In collaboration with Luxembourg based architects WW+ we have been commissioned by the city of Luxembourg – Service Ouvrages d’Art, Génie Civil, Constructions – to develop a signage concept & design manual to implement a comprehensive new signage system across potentially 15 public parkings owned by the city ( starting with the parkings Knuedler & Neipperg). A challenging task considering that the buildings have very different layouts and circulation principles.
Our user-focused approach has been to establish a clear hierarchy of the information and to prioritise on the, more vulnerable, pedestrian user ( the driver / user outside the car). We separated the signage system for drivers & pedestrians for clarity and reduced the graphic interventions & colours to a strategic minimum to maximise their effectiveness. Our main aim was to make the spacial perception and the navigation within the space as intuitive as possible.
Floor level information consists of a range of carefully selected bright colours, in conjunction with illustrations and large scale numerals. They are only indicated on the exit stairs bloc, creating an intuitive ‘visual pull’ towards them.
Graphic design: Laurent Daubach
Just finished a signage & wayfinding project for the Olympic Games of the Small Nations of Europe, held in Luxembourg this year. Very refreshing to work on a fast and short term project for a change. In collaboration with Luxembourg based Designbureau. Client: Comité Olympique et Sportif Luxembourgeois
Based on an existing JCD shelter designed by Norman Foster we fine-tuned & adapted the design in collaboration with the city and JCD to better fit todays user needs. Over 250 shelters will be installed / replaced the next couple of years across the city’s bus network.
With a user-centered approach the team developed a new back-lit independent totem that regroups a number of information that is easy to read, even from a distance. The same logic applies to the glass panel on the opposite side where we also re-grouped passenger information usually spread randomly all over the shelter.
Last but not least, in close collaboration with the city’s own topographical service and the graphic design agency Monopolka, we have designed a new map of the city with the entire bus network overlapping in a clear, geographically accurate and user-friendly design. More on this soon!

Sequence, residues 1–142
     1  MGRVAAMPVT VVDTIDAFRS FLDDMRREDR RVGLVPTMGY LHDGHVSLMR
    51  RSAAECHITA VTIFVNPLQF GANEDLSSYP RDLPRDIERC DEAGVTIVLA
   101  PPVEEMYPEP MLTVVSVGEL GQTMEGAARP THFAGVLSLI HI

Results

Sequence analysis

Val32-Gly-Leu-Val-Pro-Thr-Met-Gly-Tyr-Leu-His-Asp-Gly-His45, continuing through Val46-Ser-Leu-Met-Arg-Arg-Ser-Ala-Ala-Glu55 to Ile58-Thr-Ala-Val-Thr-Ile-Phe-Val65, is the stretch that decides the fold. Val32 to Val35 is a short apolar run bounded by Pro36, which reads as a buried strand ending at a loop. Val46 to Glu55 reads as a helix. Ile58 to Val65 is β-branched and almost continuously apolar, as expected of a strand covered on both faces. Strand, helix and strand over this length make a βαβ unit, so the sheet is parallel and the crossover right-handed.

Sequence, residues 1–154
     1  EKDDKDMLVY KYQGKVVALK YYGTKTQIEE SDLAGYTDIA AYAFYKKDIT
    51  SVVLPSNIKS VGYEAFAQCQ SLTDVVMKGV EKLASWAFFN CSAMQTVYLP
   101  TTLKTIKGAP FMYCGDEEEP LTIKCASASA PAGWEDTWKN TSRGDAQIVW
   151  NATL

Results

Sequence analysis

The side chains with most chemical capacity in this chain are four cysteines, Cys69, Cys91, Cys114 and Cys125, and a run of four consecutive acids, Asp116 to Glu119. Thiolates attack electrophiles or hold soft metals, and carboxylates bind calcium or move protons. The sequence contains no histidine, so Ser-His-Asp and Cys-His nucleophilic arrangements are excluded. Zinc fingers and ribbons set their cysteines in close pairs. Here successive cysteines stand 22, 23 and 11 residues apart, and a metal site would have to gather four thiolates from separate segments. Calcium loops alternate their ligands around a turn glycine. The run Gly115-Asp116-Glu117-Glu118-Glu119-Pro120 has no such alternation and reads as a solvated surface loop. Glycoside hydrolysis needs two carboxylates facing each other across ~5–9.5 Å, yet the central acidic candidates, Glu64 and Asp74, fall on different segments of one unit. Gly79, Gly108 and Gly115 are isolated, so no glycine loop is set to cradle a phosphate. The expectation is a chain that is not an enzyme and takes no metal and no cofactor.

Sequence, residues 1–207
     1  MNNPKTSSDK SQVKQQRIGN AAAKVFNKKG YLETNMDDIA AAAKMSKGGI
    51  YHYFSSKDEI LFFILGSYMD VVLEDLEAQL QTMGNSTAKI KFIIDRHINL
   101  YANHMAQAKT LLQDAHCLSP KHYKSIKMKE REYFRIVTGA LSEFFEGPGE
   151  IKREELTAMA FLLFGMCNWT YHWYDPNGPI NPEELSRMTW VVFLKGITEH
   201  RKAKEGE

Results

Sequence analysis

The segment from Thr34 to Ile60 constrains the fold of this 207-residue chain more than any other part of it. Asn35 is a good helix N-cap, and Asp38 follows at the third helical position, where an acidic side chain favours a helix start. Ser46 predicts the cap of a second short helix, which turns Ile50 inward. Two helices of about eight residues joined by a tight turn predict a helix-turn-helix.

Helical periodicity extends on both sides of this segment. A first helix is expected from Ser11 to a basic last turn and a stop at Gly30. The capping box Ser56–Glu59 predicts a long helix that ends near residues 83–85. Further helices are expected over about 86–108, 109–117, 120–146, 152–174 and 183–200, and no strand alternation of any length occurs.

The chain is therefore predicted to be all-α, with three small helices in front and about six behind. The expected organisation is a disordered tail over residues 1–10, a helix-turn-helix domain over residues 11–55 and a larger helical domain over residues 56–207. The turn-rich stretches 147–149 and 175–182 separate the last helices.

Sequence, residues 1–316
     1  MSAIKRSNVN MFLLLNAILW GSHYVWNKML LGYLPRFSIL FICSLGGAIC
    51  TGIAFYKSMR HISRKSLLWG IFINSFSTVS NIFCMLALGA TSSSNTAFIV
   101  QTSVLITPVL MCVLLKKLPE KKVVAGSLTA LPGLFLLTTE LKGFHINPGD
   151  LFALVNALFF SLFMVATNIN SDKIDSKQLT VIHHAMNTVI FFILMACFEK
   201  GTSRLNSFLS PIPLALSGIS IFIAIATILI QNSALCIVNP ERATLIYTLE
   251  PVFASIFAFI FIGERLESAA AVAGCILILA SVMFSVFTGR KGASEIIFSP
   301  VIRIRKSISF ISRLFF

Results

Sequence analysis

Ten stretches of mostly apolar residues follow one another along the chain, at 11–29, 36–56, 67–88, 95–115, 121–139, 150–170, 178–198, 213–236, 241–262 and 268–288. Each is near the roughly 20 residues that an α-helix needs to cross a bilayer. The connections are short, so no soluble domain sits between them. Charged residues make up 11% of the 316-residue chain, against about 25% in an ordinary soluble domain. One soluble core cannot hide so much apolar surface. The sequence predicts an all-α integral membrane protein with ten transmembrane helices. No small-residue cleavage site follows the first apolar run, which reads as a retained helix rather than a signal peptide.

Whoever wrote this is right to say that to many places are boring & dull – although a bit of paint, mixed with road dirt, would make this wall look a lot worse then it is now. But it is worthwile thinking about what else would work better…
Road works barriers are rarely a pretty site in Europe, but if you live in Japan it is a whole different story. To the delight of the Japanese kids there seems to be an endless variation of cartoon animals that populate the roadside. Not sure it makes much more sense in terms of safety / visibility ..etc, but I guess fun is a good enough reason and you can’t really spoil a construction site with visual clutter either.
Photo © Pierre Filliquet
While driving through the Burgundy region in France I came across this beautiful old factory building in the small town of Génelard.
I really liked the confident, almost out of scale, presence of the signage on the building. On top of that the signage is not an after-thought but completely integrated into the architecture. Compared to many of today’s undistinguished manufacturing halls it also tells the story of an admirable industrial pride.
The more you can do with LED technology the keener I get of the old fashioned neon sign aesthetics. I saw this great neon sign in Paris above the bar of the Café Jeannette, rue du faubourg Saint Denis. I very much like the way it extends into an architectural feature delineating the space of the bar and not limiting itself to just be a sign.
It also made me think of the great Kraftwerk song ‘Neon Lights’:
Shimmering neon lights
And at the fall of night
This city’s made of light…
When you walk around city centres you have to wonder if we need all that signage and graphic design. Often too slick, too loud and too perfect, over-designed corporate identities and graphics take away the human side of things. Maybe there are too many designers around that need to find work (and not enough courageous businesses).